Saturday, May 8, 2010

Battle of Rowlett's Station

Yesterday, I wrote about the Bloedner Monument, the oldest surviving Civil War monument, erected in January 1862 to commemorate the stand of the 32nd Indiana, a German regiment.

I'd never heard of the battle, so thanks to Wikipedia, I now know more. It is also called the Battle of Woodsonville or the Battle of Green River and was fought December 17, 1861 in Hart County, Kentucky and was inconclusive, but the Federal troops retained control of the railroad bridge over the Green River they were defending so could be called a Union victory.

It was the 500 men of the 32nd Indiana vs. 1350 Confederates including Terry's Texas Rangers. Lt.-Col. Henry von Treba had his men form a hollow square and lost 10 killed and 22 wounded. Confederates had 33 killed including Col. Terry.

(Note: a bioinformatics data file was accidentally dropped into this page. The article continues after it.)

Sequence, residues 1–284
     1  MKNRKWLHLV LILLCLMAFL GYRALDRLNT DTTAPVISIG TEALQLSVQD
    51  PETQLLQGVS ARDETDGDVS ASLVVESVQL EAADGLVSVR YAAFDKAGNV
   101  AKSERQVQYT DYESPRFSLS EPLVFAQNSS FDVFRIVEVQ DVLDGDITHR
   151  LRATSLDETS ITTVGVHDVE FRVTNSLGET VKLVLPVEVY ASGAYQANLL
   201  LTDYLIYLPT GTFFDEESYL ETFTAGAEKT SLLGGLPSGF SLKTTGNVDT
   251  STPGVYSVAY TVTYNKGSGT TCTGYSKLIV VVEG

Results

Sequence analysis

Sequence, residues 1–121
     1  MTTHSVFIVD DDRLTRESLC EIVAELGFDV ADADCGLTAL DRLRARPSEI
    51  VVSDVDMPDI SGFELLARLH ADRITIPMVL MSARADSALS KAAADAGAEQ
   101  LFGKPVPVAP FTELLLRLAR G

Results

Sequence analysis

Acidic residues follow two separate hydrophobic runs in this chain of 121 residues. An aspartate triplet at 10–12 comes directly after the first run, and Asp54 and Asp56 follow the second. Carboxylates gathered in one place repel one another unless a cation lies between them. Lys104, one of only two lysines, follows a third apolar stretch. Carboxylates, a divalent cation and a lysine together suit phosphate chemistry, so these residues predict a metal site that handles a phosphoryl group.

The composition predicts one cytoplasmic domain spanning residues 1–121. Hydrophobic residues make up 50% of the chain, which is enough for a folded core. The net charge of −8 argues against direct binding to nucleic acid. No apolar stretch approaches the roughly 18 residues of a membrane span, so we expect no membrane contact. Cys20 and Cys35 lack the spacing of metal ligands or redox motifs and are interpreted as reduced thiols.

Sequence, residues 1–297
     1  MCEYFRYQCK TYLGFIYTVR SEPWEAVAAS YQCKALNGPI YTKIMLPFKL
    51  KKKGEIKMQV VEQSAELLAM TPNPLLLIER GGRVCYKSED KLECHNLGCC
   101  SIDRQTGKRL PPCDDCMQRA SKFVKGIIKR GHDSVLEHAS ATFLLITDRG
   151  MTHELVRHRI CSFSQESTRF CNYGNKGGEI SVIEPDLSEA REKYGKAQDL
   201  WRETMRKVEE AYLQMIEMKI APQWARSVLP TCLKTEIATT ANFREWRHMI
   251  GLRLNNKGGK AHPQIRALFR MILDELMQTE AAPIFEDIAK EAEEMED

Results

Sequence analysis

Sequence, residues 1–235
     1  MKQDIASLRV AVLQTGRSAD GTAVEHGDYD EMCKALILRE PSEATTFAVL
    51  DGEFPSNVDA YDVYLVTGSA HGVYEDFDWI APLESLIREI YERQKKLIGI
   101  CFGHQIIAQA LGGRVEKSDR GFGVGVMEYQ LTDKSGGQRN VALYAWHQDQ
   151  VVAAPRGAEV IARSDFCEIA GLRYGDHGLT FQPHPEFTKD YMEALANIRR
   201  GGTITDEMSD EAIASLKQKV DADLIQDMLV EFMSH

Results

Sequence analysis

As a result of this victory over an enemy that outnumbered them, the 32nd gained national recognition.

Twelve who died were originally buried on a hilltop near the battle site. Christian Frederich August Bloedner was a private at the battle and decided the men should be honored, so by January had a monument for them. In 1867, the men and the monument were moved to Cave Hill National Cemetery in Louisville.

The years wore the limestone monument until it could no longer be read, but has now thankfully been saved.

Stuff You Didn't Know. --Old B-Runner

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